Michaella McCollum scoop is news at its best
There are three cast-iron ways a journalist knows they've filed a nailed-on sensational splash. The first is, of course, a circulation spike when the story rolls off the presses. The second is seeing a 'spoiler' in a rival newspaper. And the third is the inevitable outbreak of jealous mutterings, petty sniping and absurd posturing from other hacks. (When you've a bit of experience under your belt, the latter is by far the most enjoyable aspect of all – the sheer envy of it all.)
So, give it up for Patricia Devlin, a journalist on our sister publication the Sunday Life, whose two-week serialisation 'The Peru Two: The Inside Story' has scored just such a hat-trick. She managed to get inside the Virgin de Fatima prison to secure a raft of exclusive revelations from Dungannon woman Michaella McCollum. You'll know exactly who she is since, like the rest of us, you've been hoovering up every titbit you can read about her since her disappearance, arrest and conviction for drug smuggling.
Copies of the paper flew off the shelves, the rival Sunday World – in the best journalistic traditions – turned up a photo of Michaella wearing very little, and... the Twittersphere erupted in a wave of moralising, with seasoned, unshockable reporters and amateur pundits declaring they were so offended by the story they wouldn't be buying the newspaper. Oddly enough, the most shaken tweeters all seemed to be men.
And what precisely had caused them to reach for the smelling salts and The Sunday Post? No doubt after poring over every word, they decreed the story was 'glamorising' drugs. It was lowest common denominator journalism. It was 'making a celebrity' of Michaella McCollum.
All tripe. The only thing it was making was the name of Patricia Devlin, who secured the scoop.
To say her articles – for which McCollum received no payment – were making the occupation of 'drug mule' an attractive career move for the bloom of Ulster womanhood is as dense as claiming that reporting on drunk-drivers glamorises alcohol, or covering lapses in hospital hygiene only serves to make sought-after dinner guests of MRSA and C-Difficile.
Anywhere else on the globe, a story of such true worldwide interest would have news editors sobbing prostrate before their church altars in thanksgiving; not because it was an opportunity to climb on the pro-drug addiction bandwagon – is there even such a thing? – but because it's a chance to bring the global right into the heart of the local. And that, blokey begrudgers and bullies of social media, is the whole purpose and function of the media. Rather a dozen pages of McCollum over two weeks than the endless tedious diet of Troubles porn fed to us all from Stormont. That simply palls in colour when put up against a live story unfolding before our eyes.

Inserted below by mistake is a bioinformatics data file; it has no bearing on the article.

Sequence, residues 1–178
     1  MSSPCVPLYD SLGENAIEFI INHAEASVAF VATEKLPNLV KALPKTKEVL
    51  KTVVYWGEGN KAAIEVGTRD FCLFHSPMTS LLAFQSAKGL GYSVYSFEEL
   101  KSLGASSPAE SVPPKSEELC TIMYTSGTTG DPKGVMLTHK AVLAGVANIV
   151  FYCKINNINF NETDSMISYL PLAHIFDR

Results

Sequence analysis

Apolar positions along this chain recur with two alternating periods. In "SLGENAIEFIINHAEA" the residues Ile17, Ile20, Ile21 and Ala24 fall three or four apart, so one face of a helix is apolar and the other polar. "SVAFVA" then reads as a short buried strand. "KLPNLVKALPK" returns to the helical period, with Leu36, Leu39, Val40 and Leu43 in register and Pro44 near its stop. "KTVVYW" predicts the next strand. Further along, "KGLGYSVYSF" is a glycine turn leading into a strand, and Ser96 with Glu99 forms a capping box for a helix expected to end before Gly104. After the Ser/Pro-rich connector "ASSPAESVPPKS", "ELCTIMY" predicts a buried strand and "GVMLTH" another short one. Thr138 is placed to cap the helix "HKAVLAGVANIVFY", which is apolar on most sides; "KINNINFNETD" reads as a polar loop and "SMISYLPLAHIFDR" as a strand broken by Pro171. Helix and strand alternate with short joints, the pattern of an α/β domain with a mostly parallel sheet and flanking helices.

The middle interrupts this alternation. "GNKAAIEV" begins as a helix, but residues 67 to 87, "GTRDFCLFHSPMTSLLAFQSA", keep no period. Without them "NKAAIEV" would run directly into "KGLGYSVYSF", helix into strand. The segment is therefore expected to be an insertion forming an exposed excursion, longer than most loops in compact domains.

Hence people clamour to buy the paper. And no amount of hand-wringing, faux-shock and slow head-shaking about the dubious taste of the reading public can make all that un-happen.
The news can be merciless that way.
Again, though, it's the older prejudices kicking in. Everything about the story is young and new – McCollum is a young girl, her crime, from our perspective in Northern Ireland, is relatively new, though it opens another window on the drugs trade here, which is mainly managed by paramilitaries.
McCollum herself is compelling because she is one of us – one of our children, if you like – and her values, such as they are, her behaviour abroad, her attitudes and her fate in prison map out the kind of life none of us ever imagined would lie in store for our youngsters.
But there it is. In black and white.
Patricia Devlin went out to Peru, did the hard work of gaining access to the prison and the even harder job of unpicking McCollum's psyche in a way that has been memorable and illuminating. Don't be surprised if her name turns up on the awards list when the time comes for the industry to recognise the achievements of much-maligned hacks.
Everyone – most certainly, top of the list Michaella McCollum – would prefer it if there were no such thing as drug mules, or Ulster girls in Peruvian prisons, or even drug-use in the first place.
But there is and there are.
When it also happens that there are gutsy young women like Patricia Devlin with the commitment and talent to tackle those issues and demonstrate there is a better, more productive, exciting and valuable way to make your mark in this world, it's time to stand up and applaud.
Not crouch behind your couch making snide remarks.